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Herbert Pledges To Extend Wasatch Front's Economic Gains To All Utah

Julia Ritchey, KUER
Gov. Gary Herbert delivers his 2017 State of the State, which he described as "truly exceptional."

Governor Gary Herbert delivered his State of the State address to the Utah Legislature Wednesday night, promising to keep up the state’s progress in economic growth and education.

Herbert said Utah has made tremendous progress since the Great Recession -- adding 43,000 jobs in the last year alone -- but he told lawmakers that there’s still much work to do.

The governor announced a new workforce training initiative called Talent Ready Utah, which he says will partner industries with schools to prepare young Utahns for the high-tech jobs of tomorrow. He also pledged to create more jobs in rural parts of the state.

“The fact remains that parts of Utah outside the Wasatch Front are struggling,” he said. “Tonight I would like us to unite behind a goal of creating 25,000 new jobs in the 25 counties off the Wastach Front over the next four years.”

Although mostly an upbeat speech, Herbert told lawmakers the state must continue to address the issues of homelessness and drug addiction.

“And let us  as a state be absolutely clear: That we will no longer tolerate the unconscionable drug trade that vicitmizes the most vulnerable in our community. Let us all agree tonight: That this absolutely must stop” he said.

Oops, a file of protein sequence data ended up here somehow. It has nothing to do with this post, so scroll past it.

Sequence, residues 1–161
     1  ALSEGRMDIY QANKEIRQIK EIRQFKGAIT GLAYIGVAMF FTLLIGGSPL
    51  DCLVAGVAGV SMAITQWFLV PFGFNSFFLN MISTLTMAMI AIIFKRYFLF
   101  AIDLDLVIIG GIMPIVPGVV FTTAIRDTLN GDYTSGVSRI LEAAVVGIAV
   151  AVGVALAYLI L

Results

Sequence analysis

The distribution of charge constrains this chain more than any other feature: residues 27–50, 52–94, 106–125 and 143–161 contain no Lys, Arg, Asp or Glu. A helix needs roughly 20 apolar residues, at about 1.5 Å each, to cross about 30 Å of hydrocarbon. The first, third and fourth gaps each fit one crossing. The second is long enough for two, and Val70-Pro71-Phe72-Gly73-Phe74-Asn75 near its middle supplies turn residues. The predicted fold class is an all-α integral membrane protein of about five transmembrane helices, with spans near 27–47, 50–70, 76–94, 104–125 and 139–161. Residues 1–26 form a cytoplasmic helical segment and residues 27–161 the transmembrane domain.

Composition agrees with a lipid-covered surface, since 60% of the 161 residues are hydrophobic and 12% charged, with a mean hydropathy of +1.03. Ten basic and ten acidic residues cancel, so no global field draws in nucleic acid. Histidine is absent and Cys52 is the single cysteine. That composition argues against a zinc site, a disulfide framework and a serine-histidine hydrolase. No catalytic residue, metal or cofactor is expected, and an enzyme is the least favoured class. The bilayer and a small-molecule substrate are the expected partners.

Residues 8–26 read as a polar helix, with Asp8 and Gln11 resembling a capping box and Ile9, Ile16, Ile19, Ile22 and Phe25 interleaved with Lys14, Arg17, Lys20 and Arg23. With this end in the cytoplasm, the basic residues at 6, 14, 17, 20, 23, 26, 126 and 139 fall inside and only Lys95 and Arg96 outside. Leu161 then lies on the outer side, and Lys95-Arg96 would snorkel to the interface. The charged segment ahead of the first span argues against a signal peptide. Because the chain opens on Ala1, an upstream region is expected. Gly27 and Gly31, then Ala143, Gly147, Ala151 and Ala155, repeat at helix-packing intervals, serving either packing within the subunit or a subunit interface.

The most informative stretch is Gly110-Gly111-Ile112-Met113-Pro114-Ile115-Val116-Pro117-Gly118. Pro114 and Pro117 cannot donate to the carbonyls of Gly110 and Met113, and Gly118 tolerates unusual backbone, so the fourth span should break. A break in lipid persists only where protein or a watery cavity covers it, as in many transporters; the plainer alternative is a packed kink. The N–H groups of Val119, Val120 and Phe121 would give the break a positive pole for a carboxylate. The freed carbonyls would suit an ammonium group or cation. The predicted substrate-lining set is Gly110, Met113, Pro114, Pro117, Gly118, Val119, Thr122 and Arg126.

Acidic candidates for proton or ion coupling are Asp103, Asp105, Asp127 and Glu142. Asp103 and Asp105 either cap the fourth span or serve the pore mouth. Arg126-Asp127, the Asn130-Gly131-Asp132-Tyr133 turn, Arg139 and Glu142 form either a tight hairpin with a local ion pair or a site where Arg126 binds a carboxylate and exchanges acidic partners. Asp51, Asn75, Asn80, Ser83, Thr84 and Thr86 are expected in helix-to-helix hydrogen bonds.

On education funding, the governor argued that Congress and state lawmakers should help close tax loopholes and exemptions that could boost the state’s coffers and, by extension, its schools.

But Democrats say the governor’s education message fell short Wednesday night. Sen. Gene Davis is the Democratic Minority Leader.

“I’ve been here a few years, and we’ve always had this, ‘Let’s close the loopholes, let’s take away some of these exemptions that are out there.’ Never happened. The reality is: Either you close the loopholes or you raise taxes, and that should be the option,” said Davis.

The governor also spent time discussing air quality and federalism. To the surprise of some, Herbert subtly endorsed a possible repeal of Utah’s much maligned Zion Curtain law that shields bartenders from making drinks in front of customers.

Gov. Herbert closed by saying he’s exhilarated by the challenges ahead in 2017 and optimistic about Utah’s future.

Word cloud of Gov. Herbert's most used terminology.

Julia joined KUER in 2016 after a year reporting at the NPR member station in Reno, Nev. During her stint, she covered battleground politics, school overcrowding, and any story that would take her to the crystal blue shores of Lake Tahoe. Her work earned her two regional Edward R. Murrow awards. Originally from the mountains of Western North Carolina, Julia graduated from UNC-Chapel Hill in 2008 with a degree in journalism. She’s worked as both a print and radio reporter in several states and several countries — from the 2008 Beijing Olympics to Dakar, Senegal. Her curiosity about the American West led her to take a spontaneous, one-way road trip to the Great Basin, where she intends to continue preaching the gospel of community journalism, public radio and podcasting. In her spare time, you’ll find her hanging with her beagle Bodhi, taking pictures of her food and watching Patrick Swayze movies.
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